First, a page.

Government’s ‘eyes are wide open’ on China: Garneau | CBC News

Foreign Affairs Minister Marc Garneau says the Canadian government is under no illusions when approaching a normalization of relations with China, a day after two men detained by that country for three years finally returned home.

“There was no path to a relationship with China as long as the two Michaels were being detained,” Garneau said Sunday in an interview on Rosemary Barton Live, referring to Michael Kovrig and Michael Spavor. Kovrig, a diplomat, and Spavor, an entrepreneur who worked in North Korea and China, were detained separately and charged with espionage soon after the arrest of Huawei executive Meng Wanzhou in Canada in December 2018.

The series of events has chilled Canada-China relations. Garneau told host Rosemary Barton that when it comes to normalizing relations Canada’s “eyes are wide open” and the government is now following a four-fold approach to China: “coexist,” “compete,” “co-operate,” and “challenge.”

Denunciations of China over the arbitrary detention of Kovrig and Spavor are one example of challenging the rising superpower, Garneau said.

Michael Kovrig embraces his wife (separated), Vina Nadjibulla after arriving at Pearson International Airport in Toronto on Saturday. (Frank Gunn/Canadian Press)

Return of Kovrig, Spavor a ‘memorable moment’: Garneau

Garneau was in Calgary on Saturday to welcome the so-called “two Michaels” as they landed in Canada, almost three years after they were first detained in China.

“To see them actually land and to get off the airplane and touch down on Canadian soil was very emotional,” he said.

“I think you could sense a collective sigh of relief from Canada, and joy at seeing our two Michaels finally back on Canadian soil.”

A digital media outlet overseen by the Chinese Communist Party reported Monday that Spavor and Kovrig were released with conditions because of “illness.”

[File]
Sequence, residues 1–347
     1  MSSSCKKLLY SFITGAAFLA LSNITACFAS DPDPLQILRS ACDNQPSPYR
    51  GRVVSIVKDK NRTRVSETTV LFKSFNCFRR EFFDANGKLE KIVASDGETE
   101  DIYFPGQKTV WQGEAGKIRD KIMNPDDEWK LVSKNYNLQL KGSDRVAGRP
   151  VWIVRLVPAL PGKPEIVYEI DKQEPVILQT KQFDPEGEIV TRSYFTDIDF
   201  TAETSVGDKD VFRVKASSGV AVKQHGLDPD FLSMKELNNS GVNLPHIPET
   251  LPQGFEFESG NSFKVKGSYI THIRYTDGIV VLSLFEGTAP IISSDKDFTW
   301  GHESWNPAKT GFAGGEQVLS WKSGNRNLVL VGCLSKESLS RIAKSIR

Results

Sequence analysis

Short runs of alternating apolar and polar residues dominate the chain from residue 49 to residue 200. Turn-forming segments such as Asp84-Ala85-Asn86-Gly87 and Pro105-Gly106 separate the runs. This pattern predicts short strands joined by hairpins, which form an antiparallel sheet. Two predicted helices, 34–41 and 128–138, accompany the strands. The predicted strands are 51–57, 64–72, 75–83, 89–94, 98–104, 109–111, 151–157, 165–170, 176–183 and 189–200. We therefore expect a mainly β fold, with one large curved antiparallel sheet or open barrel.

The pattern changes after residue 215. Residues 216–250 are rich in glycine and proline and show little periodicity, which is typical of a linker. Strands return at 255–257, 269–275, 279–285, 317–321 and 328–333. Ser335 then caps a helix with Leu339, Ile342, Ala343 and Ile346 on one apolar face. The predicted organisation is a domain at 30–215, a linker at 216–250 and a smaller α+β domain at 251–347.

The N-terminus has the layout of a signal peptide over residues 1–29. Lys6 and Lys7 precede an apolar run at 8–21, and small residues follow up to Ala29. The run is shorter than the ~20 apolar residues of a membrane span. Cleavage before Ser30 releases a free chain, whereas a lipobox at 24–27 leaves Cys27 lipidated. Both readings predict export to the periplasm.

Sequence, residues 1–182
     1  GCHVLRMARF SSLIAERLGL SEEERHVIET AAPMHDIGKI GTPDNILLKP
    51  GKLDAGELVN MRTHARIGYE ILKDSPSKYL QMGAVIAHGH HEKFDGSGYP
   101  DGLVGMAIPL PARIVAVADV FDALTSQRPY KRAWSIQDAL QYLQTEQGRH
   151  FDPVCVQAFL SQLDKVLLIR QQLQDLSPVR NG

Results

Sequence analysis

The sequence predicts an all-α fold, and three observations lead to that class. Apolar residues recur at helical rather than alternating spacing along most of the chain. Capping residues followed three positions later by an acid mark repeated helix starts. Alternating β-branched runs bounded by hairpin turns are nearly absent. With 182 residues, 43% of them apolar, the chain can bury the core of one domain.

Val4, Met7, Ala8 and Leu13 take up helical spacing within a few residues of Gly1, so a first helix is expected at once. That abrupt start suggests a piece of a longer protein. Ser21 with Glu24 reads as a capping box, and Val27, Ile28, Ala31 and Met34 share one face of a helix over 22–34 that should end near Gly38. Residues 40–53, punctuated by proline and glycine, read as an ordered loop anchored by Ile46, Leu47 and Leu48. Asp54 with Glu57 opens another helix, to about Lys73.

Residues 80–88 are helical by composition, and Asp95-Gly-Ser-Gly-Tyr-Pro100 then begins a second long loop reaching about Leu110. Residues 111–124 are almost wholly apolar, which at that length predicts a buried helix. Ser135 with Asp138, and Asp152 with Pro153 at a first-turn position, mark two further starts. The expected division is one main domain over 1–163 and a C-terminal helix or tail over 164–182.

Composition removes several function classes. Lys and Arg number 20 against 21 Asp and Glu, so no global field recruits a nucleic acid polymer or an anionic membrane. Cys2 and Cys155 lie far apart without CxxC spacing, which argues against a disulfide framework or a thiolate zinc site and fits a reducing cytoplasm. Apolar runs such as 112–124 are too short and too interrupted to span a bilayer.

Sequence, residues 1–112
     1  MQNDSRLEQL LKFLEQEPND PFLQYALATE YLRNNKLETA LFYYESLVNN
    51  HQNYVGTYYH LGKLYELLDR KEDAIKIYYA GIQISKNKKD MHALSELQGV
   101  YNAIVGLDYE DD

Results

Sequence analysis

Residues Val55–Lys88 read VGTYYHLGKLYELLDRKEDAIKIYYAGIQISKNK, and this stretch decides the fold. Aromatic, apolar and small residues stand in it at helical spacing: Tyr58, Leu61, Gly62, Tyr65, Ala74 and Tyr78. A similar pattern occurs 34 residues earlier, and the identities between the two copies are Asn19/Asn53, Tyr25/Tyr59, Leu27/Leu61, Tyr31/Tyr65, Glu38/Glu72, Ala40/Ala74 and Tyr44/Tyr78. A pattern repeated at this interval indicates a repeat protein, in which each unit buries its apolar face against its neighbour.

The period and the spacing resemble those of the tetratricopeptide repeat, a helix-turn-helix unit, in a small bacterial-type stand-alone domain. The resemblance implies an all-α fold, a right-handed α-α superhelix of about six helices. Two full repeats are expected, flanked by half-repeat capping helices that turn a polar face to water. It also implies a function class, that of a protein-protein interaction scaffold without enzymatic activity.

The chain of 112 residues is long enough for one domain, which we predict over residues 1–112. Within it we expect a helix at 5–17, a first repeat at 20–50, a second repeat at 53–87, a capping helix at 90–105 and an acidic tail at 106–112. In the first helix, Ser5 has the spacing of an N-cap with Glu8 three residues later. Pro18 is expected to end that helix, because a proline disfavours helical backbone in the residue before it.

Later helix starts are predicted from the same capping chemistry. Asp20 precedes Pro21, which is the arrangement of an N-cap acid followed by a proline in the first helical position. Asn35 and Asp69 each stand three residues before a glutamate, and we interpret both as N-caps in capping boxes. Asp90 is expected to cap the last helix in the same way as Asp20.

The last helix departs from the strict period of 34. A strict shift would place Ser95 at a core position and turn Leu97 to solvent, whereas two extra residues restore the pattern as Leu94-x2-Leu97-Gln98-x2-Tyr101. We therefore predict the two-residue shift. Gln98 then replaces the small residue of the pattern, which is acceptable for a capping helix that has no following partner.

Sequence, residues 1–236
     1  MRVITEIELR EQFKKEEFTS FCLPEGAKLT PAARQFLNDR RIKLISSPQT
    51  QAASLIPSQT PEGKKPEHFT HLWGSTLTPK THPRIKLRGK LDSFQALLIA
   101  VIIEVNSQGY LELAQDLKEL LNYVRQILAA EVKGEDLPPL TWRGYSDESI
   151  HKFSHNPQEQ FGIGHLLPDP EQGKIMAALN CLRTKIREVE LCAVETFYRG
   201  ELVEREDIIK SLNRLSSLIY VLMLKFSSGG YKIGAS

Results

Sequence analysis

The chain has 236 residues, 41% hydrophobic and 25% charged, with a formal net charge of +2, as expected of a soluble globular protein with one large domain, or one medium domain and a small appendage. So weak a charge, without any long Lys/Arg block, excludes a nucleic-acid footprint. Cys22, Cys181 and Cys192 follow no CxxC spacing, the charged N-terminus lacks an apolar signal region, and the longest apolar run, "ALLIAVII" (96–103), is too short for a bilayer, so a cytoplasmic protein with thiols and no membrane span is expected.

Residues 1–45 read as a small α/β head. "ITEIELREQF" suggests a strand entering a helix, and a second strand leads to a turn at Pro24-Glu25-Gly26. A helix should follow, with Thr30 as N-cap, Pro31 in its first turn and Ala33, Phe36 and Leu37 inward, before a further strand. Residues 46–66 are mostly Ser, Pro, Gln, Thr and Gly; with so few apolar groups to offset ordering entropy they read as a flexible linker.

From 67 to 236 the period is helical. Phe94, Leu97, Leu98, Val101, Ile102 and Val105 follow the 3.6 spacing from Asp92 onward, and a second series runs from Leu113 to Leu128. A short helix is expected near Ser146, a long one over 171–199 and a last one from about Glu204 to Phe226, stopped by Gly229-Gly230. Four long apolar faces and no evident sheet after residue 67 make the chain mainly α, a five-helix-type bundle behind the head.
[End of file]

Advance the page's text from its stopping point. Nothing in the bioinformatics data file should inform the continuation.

Michael Spavor leaves the Calgary airport following his return to Canada after more than 1,000 days in a Chinese prison. (Colin Hall/CBC)

“Well, I saw the two Michaels yesterday. They’re in fine form,” Garneau said. Other state-controlled media pieces from China praised the efforts of Chinese diplomats in the return of Meng Wanzhou and spoke positively about a possible restart of Canada-China relations.

From the perspective of the Canadian public, the events that led to the eventual return of Kovrig and Spavor unfolded quickly. Meng Wanzhou appeared virtually in a New York court Friday and it was announced that she had reached a deferred prosecution agreement relating to fraud charges laid against her by U.S. authorities.

She was then in a Vancouver courtroom, where her extradition case was dropped. She went directly to the airport and boarded a flight for China.

Soon after, Prime Minister Justin Trudeau announced that Spavor and Kovrig were on a flight to Canada. The two men landed Saturday morning.

“I think Canadians were very surprised. We’ve been working this in the background for a very long time,” Garneau said. He told Barton he had heard about the deferred prosecution agreement several weeks ago and said that “really was what opened the door to the return of the two Michaels.”